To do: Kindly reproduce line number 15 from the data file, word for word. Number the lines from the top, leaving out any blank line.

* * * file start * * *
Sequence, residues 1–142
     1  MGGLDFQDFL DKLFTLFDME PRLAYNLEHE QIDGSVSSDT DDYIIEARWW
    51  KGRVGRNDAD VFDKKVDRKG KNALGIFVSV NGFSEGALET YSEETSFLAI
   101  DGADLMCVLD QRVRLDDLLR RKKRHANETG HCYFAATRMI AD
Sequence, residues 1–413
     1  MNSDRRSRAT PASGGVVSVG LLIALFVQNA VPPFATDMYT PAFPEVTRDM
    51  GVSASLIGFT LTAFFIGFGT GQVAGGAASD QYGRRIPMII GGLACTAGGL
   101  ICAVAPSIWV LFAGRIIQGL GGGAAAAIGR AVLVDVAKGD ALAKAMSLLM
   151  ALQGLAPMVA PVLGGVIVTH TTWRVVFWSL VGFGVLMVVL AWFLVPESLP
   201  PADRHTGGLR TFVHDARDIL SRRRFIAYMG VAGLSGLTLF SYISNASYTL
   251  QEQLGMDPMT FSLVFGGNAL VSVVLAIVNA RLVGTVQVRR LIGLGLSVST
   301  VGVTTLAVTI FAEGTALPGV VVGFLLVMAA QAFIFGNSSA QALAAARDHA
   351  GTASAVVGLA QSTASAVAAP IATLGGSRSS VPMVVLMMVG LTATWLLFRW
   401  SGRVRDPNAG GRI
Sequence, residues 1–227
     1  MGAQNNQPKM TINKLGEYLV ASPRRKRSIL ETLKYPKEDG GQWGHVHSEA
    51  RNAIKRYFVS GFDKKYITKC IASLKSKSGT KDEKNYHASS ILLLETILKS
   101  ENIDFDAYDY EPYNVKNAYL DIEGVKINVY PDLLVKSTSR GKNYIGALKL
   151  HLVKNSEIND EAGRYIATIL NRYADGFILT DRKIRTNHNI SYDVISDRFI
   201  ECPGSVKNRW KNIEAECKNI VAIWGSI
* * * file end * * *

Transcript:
Sequence, residues 1–227